In 873 Asa of Judah died, and was succeeded by his son Jehoshaphat.The political-religious alliance between Israel and Tire gave good economic results. Israel got the necessary wealth to fortify the north facing Syria as well as to beautify Samaria. Israel achieved some degree of dominance over Judah, so Ahab and Jehoshaphat reached an agreement whereby Judah agreed to let Israel conduct a joint foreign policy, while Jehoshaphat retained full authority in internal affairs. The only opposition came from the Israelite minority that defended the cult of Yahveh. Astarte was a fertility goddess and, according to the narrow sexual morality of the most conservative Israelites, she was the spitting image of sin. The opposition found an energetic leader in the prophet Elijah.The part of the Bible that describes this time (written centuries later) presents Omri and Ahab as wicked kings, while Elijah turns out to be almost divine: the waters of the rivers parted in his path, he caused a three-year drought, he made that a daggerboard and a flask belonging to a widow permanently contained flour and oil during those three years, without ever running out, raised a dead person, etc. It was also said that he did not die, but ascended to heaven body and soul.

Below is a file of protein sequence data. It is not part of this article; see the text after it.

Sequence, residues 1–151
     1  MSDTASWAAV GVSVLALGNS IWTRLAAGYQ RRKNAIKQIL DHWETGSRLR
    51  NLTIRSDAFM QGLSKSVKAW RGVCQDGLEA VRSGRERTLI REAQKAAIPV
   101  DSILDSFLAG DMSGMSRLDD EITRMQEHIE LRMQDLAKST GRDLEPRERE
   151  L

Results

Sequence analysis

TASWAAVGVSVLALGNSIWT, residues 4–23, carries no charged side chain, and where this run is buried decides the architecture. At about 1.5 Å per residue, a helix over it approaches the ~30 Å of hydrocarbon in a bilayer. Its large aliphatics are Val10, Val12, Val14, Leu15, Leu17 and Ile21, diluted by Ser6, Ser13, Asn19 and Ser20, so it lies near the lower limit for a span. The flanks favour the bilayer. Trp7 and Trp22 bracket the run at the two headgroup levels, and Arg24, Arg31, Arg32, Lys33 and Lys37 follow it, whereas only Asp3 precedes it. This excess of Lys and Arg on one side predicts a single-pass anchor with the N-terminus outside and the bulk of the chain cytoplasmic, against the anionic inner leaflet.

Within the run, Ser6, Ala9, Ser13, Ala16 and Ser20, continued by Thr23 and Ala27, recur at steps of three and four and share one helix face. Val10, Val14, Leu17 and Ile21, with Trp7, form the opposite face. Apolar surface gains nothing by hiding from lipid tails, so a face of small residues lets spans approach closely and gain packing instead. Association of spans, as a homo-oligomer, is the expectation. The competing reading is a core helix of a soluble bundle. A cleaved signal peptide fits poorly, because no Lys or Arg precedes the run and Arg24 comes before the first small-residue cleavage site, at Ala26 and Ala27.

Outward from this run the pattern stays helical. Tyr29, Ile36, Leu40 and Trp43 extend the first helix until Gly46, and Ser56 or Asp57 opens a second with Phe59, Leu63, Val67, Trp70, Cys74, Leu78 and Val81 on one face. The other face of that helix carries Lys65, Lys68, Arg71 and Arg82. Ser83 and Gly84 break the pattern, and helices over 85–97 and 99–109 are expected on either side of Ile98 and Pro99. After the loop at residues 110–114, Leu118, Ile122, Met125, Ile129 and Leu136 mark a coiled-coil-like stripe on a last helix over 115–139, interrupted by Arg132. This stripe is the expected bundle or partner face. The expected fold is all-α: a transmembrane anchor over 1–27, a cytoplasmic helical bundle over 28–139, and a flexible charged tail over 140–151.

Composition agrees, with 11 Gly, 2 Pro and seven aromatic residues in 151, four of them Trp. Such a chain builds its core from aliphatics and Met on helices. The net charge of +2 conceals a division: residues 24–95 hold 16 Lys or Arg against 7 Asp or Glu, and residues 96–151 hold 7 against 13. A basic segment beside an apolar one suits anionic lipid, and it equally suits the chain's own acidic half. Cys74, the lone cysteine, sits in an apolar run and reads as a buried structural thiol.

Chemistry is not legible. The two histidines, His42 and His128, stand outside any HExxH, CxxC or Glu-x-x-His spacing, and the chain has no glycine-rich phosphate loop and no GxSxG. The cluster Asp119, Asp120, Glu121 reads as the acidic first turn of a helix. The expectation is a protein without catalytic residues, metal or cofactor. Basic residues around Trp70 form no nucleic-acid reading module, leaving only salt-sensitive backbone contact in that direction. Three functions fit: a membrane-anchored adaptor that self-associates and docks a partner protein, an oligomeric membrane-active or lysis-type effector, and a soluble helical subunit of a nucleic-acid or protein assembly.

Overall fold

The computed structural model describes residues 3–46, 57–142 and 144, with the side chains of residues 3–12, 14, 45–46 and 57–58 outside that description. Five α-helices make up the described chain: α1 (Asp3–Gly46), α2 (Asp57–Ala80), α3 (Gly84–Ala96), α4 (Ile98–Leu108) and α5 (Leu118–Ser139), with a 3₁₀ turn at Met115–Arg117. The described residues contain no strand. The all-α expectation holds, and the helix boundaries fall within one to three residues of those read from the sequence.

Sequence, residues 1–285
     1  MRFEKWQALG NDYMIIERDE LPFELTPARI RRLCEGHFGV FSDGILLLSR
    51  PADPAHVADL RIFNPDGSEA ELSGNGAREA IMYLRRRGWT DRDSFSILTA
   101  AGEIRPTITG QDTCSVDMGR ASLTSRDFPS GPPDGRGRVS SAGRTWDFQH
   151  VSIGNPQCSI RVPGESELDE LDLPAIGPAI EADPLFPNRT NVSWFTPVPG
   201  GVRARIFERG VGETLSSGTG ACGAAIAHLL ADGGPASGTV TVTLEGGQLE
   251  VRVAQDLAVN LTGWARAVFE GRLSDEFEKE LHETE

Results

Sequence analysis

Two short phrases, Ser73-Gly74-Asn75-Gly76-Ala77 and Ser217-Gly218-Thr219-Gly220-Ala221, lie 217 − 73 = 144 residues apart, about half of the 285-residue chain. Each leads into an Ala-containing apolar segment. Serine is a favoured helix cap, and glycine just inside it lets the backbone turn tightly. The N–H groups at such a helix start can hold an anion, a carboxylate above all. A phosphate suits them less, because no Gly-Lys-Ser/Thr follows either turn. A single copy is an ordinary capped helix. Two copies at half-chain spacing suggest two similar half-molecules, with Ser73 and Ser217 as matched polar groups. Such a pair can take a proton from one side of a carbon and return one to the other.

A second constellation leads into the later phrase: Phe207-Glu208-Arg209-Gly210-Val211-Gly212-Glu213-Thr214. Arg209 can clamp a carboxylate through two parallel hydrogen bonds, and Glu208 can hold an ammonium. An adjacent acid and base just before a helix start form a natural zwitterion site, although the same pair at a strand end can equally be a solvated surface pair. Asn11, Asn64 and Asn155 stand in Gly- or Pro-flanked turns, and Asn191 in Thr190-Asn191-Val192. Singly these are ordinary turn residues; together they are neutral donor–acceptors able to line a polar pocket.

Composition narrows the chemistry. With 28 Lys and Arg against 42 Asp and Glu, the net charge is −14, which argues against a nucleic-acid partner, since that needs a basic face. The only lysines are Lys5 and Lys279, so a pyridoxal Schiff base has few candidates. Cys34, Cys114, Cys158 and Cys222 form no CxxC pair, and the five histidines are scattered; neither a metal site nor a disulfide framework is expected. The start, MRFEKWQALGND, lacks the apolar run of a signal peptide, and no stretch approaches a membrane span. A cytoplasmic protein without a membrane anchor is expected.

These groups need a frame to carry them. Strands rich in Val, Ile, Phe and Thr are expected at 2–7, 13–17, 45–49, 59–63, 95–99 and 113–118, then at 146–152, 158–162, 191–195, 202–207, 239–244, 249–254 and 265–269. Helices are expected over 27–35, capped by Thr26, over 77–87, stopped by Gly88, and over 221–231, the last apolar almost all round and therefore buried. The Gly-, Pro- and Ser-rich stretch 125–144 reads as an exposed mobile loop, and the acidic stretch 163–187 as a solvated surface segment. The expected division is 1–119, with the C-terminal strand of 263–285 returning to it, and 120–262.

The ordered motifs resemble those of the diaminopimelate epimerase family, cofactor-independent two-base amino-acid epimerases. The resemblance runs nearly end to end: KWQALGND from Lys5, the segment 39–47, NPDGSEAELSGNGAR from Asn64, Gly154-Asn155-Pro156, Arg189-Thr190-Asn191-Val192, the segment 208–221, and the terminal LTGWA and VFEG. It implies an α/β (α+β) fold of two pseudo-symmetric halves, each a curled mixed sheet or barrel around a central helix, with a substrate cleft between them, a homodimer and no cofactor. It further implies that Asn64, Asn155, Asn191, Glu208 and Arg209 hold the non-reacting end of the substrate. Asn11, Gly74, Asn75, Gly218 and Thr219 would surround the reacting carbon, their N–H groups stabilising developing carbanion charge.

In 859 Ashurnasirpal II died and was succeeded by his son Salmanesar III, who decided to extend the domains of the already extensive empire that his father had bequeathed to him. His first move was the complete annexation of the Aramean principalities that Ashurnasirpal II had made tributaries. The only Aramaic state to have escaped Assyrian rule was Syria, now under the reign of Benhadad II. While Salmanesar III took care of his neighbors, Benhadad continued the war against Israel started by his father. in 856the Syrian army entered Israel and besieged Samaria. As Omri had foreseen, Samaria proved impregnable. The Syrian army was weakened and the Israelites had a chance to come out and drive it out. In 855 Israel reconquered part of the northern territory that Syria had taken from it years before. However, at this point Benhadad II began to be aware of the terrible threat that hung over his kingdom and had to abruptly change his policy. He made Israel see that the most dangerous army in the world was looming over them and thus, he sealed an alliance with Ahab. Both kings led a coalition of Canaanite states that faced the Assyrians at Karkar,an unidentified location, but certainly in northern Syria, probably near the Mediterranean coast. The battle took place in 854.Inexplicably, it seems, the Canaanite army won a victory notable enough for Assyria to withdraw for some time. We do not know the details, since the Assyrian chronicles speak of an Assyrian victory, but that it was not followed by any annexation or tribute, which suggests rather that these chronicles are an official version that is not very credible. For its part, the Bible does not mention the battle, which is also logical, since the biblical authors would never have recognized a merit to the impious king Ahab. It is probable that Shalmaneser III was forced to withdraw by pressures in another part of his empire. The kingdom of Urartu, for example, had not stopped rebelling against Assyria since the time of Teglatfalasar I.